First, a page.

Brown Opening Statement at Hearing on Bank Capital and Liquidity Rules
WASHINGTON, D.C. — U.S. Sen. Sherrod Brown (D-OH) – ranking member of the U.S. Senate Committee on Banking, Housing, and Urban Affairs – released the following opening statement, as prepared for delivery, at today’s hearing entitled, “Bank Capital and Liquidity Regulation.”
Brown’s remarks, as prepared for delivery, follow.
Senator Sherrod Brown - Opening Statement
Hearing: “Bank Capital and Liquidity Regulation”
June 7, 2016
Thank you, Chairman Shelby, for holding today’s hearing, and I thank the witnesses for their testimony.
In the lead-up to the recent crisis, it appeared that large financial institutions were meeting or exceeding their capital requirements.
But in reality, they were allowed to use leverage that exceeded 30 times their capital, due to hidden off-balance sheet exposures and a weak definition of what counted as core capital.
To make matters worse, these institutions had invested in too many risky and opaque assets that lost value quickly, funded by short-term liabilities that could be called at a moment’s notice.
American taxpayers paid the price for this reckless behavior—in lost homes and jobs and billions of bailout dollars.
Whenever we talk about the millions of jobs lost and the billions in household wealth erased, we sometimes grow numb to these statistics.
We have to remember that there are people behind those numbers. That’s why we passed Wall Street reform.
To have a healthy economy and safe financial system, we need to have a strong regulatory framework.
In its five-year anniversary report on Wall Street reform, the ratings agency S&P credited capital and liquidity rules, as well as stress tests and living wills, with enhancing the safety of the U.S. banking system.
To their credit, the Fed, FDIC, and OCC have gone above and beyond the international Basel capital agreement, through rules like a higher leverage ratio and a capital surcharge.
Last week, Federal Reserve Governor Jay Powell suggested that capital requirements should increase for institutions as they become larger and more complex, forcing them to rethink their business models and activities.
And last week’s announcement that the Fed will raise the capital levels for the largest banks to pass its stress tests indicates that the Fed as a whole thinks that there is more work to be done.
Experts on both the left and the right agree that capital is a vital element of financial stability.
Capital lessens the likelihood that an institution will fail, and lowers the costs to the financial system and the economy if it does.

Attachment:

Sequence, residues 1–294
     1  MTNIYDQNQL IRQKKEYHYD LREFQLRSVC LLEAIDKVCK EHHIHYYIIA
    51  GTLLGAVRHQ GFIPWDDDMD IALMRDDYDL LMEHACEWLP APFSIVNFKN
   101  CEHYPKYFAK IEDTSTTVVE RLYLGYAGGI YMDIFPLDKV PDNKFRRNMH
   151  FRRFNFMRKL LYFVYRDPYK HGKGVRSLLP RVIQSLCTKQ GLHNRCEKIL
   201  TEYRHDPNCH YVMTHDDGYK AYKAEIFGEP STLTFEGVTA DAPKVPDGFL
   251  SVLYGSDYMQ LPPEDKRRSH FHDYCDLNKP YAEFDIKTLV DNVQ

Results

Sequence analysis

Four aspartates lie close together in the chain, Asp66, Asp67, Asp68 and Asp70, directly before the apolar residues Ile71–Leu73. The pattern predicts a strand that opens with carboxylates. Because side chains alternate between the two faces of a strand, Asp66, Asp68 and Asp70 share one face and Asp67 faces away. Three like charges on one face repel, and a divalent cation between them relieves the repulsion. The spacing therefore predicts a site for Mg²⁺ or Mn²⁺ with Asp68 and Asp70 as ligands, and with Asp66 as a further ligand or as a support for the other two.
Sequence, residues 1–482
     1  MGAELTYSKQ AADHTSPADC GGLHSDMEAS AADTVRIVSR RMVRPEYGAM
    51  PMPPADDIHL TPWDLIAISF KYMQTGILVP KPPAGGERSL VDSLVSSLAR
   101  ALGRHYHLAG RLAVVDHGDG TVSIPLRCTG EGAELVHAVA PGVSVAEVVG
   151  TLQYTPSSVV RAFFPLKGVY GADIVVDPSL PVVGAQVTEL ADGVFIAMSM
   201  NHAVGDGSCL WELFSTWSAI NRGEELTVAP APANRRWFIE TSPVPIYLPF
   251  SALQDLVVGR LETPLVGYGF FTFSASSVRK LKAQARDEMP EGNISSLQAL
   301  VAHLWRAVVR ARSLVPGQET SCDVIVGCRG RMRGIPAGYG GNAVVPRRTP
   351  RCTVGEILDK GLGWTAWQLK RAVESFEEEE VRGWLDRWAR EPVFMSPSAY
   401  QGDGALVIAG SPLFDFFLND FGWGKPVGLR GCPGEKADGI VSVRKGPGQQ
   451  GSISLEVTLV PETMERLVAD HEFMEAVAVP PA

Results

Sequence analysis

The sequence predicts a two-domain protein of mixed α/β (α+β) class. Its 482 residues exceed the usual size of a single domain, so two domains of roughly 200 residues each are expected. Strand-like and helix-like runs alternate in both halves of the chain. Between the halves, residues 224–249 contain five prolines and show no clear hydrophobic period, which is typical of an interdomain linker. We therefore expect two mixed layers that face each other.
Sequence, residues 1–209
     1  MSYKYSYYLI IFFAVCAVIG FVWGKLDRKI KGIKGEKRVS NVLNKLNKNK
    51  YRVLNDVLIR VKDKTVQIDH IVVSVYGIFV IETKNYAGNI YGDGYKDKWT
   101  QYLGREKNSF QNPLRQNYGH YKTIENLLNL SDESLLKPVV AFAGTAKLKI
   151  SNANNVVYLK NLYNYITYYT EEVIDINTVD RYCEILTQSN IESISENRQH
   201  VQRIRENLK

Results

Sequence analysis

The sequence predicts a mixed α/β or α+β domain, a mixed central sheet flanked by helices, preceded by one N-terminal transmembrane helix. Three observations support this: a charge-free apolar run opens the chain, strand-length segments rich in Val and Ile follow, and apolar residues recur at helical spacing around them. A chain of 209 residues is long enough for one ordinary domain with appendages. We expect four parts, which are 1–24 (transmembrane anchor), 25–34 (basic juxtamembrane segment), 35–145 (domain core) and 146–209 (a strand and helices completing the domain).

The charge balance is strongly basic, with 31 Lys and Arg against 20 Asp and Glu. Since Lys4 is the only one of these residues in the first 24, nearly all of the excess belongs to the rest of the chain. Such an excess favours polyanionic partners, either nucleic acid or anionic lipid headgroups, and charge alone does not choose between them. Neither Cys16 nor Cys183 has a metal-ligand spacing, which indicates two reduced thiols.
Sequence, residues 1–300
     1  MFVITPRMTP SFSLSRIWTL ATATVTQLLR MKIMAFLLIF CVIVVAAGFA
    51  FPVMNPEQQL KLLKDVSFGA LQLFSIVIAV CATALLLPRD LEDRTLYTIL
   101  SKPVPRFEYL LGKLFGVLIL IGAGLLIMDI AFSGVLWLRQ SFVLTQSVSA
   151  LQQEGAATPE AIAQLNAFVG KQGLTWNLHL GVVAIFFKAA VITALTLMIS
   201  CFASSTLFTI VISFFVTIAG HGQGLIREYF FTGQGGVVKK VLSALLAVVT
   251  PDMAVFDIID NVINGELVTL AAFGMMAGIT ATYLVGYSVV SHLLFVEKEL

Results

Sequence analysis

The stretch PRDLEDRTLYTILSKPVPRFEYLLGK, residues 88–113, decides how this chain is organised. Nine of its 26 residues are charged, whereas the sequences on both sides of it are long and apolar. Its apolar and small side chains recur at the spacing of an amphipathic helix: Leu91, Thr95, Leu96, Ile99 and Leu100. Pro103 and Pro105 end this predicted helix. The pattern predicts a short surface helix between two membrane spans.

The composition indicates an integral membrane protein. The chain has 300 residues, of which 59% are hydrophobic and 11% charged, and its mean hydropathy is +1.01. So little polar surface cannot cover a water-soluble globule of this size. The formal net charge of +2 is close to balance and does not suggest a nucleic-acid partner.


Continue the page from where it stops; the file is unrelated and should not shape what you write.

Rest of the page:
Requiring the largest banks to fund themselves with more equity will provide them with a simple choice: they can either “fully internalize the risk” that they pose to the economy, as Governor Powell said, or they can become smaller and simpler.
Banks have argued – and will continue to argue – that making them have more equity will reduce lending and cause the economy to contract.
But banks have a range of options to meet the new standards in ways that do not limit lending, including seeking out equity investments, retaining earnings, limiting dividends and stock repurchases, and curtailing bonuses.
We have heard arguments that stronger capital requirements put our institutions at a competitive disadvantage.
But there is evidence that U.S. banks’ higher capital has actually been a competitive advantage – for example, the president of one of the largest U.S. banks said in February that our banks benefitted from moving quickly to raise more capital.
Still, the recent living wills results show that several of our nation’s largest banks still have deficiencies and shortcomings in their capital and liquidity, and most of them could not fail without threatening our financial system.
That’s why we have these regulations, and it’s why we shouldn’t merely fight to preserve the status quo, we also need to move forward.
We need stronger, simpler rules that can’t be gamed by Wall Street economists or watered down by Wall Street lobbying.
Unfortunately, too many of the efforts we see to in Congress right now are intended to undermine and roll back regulations—ultimately putting Americans back at risk.
The financial crisis has had a real and deep impact on working families across the country.
We are still trying to undo the damage, and putting strong safeguards in place to make sure it never happens again.
Thank you, Chairman Shelby, and I look forward to hearing from our witnesses.
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